Listen to the audio of the media horde screaming questions at Mitt Romney just after he had finished paying his respects at Poland's Tomb of the Unknown Soldier, and tell me you don't sympathize with the pithy comment by his aide, Rick Gorka.
Here's the exchange:
REPORTER: “Governor Romney—“ REPORTER: “—some of the mishaps on your trip?” REPORTER: “Governor Romney, do you have a statement for the Palestinians?” REPORTER: “What about your gaffes?” REPORTER: “Governor Romney, do you feel that yours gaffes have overshadowed your foreign trip?” GORKA: “This is a holy site for the Polish people. Show some respect.” REPORTER: “Governor Romney—“ GORKA: “Show some respect, Jim.” REPORTER: “We haven't had another chance to ask him questions.” GORKA: “Kiss my ass. This is a holy site for the Polish people. Show some respect.”
Au contraire: The trip will prove to have been a big success—unless the Romney campaign succumbs to the media narrative and becomes defensive and apologetic. If team Romney hangs tough, and indeed follows up on the trip with a fighting spirit and a breadth of message that's been somewhat lacking heretofore, the trip could be an inflection point for the Romney campaign. Romney's excellent speeches, along with his visits to the Western Wall and to Gdansk and Warsaw, successfully captured an appreciation for the spirit of liberty and the West's Judeo-Christian heritage, and for those who, like Americans, have had courage to fight for both. Now Team Romney has to have the courage to stick to its guns, and to move ahead boldly and confidently.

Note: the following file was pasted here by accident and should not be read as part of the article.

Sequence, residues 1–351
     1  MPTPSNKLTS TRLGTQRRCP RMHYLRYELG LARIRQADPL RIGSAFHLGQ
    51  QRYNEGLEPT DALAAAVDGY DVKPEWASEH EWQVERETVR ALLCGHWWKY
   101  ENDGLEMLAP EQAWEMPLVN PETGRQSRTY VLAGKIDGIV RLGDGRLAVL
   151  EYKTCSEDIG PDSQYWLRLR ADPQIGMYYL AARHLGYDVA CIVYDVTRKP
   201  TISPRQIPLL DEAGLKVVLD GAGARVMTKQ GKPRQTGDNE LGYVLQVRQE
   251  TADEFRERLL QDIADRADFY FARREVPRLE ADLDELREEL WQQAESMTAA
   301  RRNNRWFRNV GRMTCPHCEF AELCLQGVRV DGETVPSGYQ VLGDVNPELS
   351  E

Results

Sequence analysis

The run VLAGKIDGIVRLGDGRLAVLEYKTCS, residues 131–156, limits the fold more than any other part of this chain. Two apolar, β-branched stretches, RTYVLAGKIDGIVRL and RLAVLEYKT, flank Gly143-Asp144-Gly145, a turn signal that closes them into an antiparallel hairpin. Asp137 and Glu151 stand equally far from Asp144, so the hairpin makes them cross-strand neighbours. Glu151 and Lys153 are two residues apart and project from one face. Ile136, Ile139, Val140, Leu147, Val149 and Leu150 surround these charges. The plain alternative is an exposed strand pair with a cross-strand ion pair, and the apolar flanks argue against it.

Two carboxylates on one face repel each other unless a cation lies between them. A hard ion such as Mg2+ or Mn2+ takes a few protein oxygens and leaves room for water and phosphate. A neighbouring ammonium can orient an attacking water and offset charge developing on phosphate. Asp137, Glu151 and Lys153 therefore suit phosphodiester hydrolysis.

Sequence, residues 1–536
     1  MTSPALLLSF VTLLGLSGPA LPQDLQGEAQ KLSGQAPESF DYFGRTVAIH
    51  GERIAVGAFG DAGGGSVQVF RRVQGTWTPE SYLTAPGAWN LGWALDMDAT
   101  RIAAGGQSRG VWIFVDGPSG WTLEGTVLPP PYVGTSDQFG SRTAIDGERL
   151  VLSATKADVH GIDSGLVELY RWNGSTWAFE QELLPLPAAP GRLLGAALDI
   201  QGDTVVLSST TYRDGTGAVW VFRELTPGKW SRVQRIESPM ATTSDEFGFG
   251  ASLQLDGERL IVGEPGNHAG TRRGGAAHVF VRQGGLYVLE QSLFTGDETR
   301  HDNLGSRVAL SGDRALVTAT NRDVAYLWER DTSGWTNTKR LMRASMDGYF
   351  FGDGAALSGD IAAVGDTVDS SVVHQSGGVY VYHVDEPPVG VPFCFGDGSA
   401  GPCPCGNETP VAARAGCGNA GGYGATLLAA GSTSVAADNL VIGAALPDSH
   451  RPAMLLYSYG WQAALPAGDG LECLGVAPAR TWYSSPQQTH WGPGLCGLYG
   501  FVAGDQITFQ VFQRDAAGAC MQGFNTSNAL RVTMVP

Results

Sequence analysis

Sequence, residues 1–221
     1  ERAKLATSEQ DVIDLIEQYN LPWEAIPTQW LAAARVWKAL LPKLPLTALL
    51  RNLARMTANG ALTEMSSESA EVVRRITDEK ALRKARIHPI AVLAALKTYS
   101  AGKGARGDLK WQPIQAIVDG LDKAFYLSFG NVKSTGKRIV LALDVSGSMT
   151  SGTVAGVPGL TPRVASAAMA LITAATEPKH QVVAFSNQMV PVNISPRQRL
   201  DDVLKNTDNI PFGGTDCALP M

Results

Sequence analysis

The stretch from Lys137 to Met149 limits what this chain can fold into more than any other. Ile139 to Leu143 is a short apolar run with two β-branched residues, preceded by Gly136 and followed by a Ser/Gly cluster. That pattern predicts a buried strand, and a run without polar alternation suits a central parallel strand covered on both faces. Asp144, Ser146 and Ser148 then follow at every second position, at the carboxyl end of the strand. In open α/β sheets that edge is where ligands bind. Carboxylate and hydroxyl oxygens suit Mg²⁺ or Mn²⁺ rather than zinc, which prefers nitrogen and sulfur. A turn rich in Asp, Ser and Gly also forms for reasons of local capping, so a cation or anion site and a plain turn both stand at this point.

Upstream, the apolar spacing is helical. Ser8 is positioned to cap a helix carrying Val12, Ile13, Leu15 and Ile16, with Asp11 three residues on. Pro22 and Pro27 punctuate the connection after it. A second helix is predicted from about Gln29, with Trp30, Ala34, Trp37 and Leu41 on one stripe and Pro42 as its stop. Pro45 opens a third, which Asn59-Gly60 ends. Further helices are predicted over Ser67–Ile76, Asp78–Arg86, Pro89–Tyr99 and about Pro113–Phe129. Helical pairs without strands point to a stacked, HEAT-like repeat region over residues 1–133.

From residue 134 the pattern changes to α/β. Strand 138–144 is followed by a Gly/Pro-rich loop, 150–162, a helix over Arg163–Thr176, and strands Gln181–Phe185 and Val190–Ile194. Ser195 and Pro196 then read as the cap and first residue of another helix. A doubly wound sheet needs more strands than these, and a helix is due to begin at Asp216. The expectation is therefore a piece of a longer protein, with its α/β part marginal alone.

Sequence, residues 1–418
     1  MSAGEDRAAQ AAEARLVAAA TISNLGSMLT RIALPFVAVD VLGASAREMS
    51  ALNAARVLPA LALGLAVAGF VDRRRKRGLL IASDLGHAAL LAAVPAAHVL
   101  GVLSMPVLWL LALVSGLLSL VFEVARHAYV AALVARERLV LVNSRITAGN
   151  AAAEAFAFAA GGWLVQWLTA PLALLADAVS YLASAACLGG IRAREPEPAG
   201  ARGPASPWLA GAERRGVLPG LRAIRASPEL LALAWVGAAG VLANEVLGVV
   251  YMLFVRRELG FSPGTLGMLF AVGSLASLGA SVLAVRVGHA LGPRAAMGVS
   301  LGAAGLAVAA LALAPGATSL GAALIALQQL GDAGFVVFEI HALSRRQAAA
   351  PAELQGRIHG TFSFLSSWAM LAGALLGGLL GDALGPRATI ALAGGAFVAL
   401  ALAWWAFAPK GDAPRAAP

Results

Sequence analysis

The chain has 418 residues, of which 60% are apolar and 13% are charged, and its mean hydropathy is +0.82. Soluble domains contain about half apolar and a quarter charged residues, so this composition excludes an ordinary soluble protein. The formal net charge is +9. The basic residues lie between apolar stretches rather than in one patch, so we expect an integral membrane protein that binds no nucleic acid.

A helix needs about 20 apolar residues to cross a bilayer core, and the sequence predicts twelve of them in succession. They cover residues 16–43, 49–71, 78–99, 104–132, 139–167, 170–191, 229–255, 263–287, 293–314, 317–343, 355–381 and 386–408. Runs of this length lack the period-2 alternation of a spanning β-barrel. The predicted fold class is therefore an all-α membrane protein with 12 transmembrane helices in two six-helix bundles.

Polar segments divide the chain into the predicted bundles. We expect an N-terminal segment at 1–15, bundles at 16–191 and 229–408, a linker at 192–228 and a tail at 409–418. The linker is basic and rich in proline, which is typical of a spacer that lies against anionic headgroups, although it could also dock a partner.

A good start would be for Mitt Romney to walk off the plane in Boston arm-in-arm with Rick Gorka, showing solidarity with his aide who tried to insist on respect for their Polish hosts at a solemn memorial site, and who had the wit to tell the press corps what to do.